A group of security, defense and aerospace experts are releasing a report today to highlight the threats that exist to aviation cybersecurity, underscoring the need for a clear vision to protect against those threats as technologies advance rapidly. Washington think-tank the Atlantic Council brought together airlines, airports, air traffic management specialists and other stakeholders to develop the report, Aviation Cybersecurity—Finding Lift, Minimizing Drag, which finds that preventive measures act as a deterrent, but “declarations of fully secure systems are unrealistic.”
Aviation systems in the past were relatively secure from cyber threats due to the “bespoke nature” of their design and their isolation from other systems, the report notes. “But air traffic management (ATM) is no longer isolated, and ground services and supply chains are becoming fully integrated into an interconnected digital world.”
The report points to vulnerabilities associated with emerging capabilities, ranging from additive manufacturing to unmanned systems, and warns that “their novelty may obscure the cybersecurity risks these technologies introduce.” A shift from legacy radar to GPS and ADS-B greatly improves accuracy and reliability under normal conditions, the report states, but it adds that those systems “...remain susceptible to degradation by environmental hazards or manipulations by hostile actors.”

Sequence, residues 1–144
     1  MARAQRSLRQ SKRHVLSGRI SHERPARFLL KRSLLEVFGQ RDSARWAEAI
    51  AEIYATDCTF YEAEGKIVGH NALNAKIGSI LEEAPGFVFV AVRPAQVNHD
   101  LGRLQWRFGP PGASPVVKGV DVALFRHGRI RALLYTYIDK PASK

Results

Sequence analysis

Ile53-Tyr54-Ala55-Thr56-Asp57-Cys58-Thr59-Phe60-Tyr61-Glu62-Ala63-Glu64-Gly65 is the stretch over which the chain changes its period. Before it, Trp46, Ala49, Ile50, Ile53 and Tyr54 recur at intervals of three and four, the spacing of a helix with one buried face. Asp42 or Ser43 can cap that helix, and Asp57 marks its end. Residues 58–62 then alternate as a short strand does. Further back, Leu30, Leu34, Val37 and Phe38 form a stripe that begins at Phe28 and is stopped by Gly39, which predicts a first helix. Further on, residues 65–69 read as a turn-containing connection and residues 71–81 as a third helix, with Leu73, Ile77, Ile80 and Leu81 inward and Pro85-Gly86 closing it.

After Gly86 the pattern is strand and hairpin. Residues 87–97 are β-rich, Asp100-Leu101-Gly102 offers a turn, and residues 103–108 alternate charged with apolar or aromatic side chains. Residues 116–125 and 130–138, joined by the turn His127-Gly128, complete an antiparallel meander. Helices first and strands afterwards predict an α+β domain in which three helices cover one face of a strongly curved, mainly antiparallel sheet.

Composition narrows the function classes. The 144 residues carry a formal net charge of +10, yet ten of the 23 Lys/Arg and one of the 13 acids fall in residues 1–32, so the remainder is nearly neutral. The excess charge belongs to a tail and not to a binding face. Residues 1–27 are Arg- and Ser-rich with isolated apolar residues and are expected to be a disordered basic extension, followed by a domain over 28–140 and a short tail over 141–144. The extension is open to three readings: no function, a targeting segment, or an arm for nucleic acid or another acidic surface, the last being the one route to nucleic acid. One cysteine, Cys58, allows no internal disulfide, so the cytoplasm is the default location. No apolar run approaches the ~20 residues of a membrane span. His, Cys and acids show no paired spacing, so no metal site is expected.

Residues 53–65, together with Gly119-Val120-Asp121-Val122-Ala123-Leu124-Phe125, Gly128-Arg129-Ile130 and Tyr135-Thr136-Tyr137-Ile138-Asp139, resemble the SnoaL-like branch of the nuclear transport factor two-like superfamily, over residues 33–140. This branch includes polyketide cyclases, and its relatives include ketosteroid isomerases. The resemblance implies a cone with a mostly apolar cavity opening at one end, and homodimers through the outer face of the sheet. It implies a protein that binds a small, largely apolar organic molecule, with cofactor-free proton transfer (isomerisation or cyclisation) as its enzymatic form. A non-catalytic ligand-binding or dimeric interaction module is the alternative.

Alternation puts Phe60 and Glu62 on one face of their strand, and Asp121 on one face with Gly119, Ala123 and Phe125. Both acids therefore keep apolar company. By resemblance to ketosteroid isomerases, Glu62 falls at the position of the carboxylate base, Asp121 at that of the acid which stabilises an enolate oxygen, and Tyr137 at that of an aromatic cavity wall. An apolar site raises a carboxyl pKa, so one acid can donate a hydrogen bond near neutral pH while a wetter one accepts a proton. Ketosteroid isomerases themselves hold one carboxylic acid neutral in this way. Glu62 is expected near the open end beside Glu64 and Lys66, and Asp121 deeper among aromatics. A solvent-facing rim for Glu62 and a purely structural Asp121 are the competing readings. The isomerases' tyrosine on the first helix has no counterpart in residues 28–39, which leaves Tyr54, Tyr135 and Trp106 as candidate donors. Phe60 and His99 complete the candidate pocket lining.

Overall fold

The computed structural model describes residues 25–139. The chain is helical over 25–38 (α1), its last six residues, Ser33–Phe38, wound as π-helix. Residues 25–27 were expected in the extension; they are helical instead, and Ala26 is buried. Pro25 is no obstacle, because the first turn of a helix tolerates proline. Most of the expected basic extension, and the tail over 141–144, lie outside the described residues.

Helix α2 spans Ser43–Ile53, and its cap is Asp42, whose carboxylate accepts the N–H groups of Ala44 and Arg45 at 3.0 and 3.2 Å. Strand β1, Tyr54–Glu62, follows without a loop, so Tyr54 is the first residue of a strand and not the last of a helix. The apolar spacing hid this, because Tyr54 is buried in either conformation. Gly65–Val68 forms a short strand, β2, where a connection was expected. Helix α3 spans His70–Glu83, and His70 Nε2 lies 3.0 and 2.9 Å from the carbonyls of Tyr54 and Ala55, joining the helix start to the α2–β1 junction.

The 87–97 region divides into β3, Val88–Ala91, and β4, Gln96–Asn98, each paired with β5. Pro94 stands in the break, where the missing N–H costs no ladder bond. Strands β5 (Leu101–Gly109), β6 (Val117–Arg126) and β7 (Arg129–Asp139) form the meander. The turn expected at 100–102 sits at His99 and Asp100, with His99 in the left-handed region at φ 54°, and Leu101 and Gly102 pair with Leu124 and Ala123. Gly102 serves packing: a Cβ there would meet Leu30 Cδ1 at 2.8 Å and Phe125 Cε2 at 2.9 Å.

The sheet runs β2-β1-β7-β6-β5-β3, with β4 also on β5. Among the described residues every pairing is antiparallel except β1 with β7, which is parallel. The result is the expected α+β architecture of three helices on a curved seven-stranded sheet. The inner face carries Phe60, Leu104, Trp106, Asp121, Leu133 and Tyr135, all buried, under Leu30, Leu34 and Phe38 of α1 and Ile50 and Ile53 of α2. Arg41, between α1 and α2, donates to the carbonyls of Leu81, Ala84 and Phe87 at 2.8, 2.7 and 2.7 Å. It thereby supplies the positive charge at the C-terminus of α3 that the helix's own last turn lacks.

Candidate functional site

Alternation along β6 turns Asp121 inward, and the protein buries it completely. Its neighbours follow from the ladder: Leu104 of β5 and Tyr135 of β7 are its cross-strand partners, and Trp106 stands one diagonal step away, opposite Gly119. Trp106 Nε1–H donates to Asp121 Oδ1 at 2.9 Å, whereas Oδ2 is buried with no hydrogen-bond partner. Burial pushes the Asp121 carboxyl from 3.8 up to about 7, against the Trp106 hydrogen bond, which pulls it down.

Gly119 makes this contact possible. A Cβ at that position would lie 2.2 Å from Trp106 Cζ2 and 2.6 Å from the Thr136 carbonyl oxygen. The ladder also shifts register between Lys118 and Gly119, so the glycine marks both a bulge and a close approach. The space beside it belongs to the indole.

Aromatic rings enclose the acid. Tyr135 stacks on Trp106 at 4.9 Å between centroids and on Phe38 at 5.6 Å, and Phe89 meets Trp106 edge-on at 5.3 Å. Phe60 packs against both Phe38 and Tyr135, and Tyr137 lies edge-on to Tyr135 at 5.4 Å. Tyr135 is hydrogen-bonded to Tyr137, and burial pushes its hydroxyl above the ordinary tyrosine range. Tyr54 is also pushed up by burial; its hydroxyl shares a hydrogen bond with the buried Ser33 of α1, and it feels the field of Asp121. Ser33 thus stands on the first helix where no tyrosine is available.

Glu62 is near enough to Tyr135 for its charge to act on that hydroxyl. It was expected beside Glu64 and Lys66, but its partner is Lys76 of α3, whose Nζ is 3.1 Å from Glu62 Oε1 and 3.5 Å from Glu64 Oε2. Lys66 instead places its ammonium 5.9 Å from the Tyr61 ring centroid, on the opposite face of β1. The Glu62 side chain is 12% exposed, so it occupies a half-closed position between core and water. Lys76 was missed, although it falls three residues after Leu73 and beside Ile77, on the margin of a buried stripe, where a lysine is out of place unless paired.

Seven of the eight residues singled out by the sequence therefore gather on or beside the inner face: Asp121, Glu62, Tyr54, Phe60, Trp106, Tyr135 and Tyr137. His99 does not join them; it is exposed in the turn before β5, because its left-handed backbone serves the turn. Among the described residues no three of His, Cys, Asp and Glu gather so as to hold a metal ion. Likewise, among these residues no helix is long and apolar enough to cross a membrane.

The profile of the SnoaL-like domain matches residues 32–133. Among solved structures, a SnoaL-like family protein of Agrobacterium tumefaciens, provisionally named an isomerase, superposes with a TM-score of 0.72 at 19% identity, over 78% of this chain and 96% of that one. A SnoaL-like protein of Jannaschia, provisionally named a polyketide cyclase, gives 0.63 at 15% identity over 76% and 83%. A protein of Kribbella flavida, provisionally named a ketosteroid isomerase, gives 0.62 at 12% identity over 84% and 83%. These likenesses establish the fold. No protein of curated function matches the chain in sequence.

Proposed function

Airports, which are susceptible to physical breach, are another area of concern, says the report, pointing to numerous other vulnerable areas, such as connectivity systems on aircraft, electronic flight bags and remote towers.
Concerning to the report’s authors is “the speed of innovation, technological advancement and adversary capabilities potentially outstripping policy and regulatory development in many areas of the aviation ecosystem.”
The report offers numerous recommendations for shaping a cybersecurity vision, with a need to focus on international collaboration on managing risks and developing resilient systems. Recommendations range from reinforcing standardization, developing a common understanding of cyber safety and developing robust threat models, to designing systems to capture relevant cybersecurity data and training for safety. Another recommendation it makes is to “incorporate cyber perspectives into accident and incident investigations.”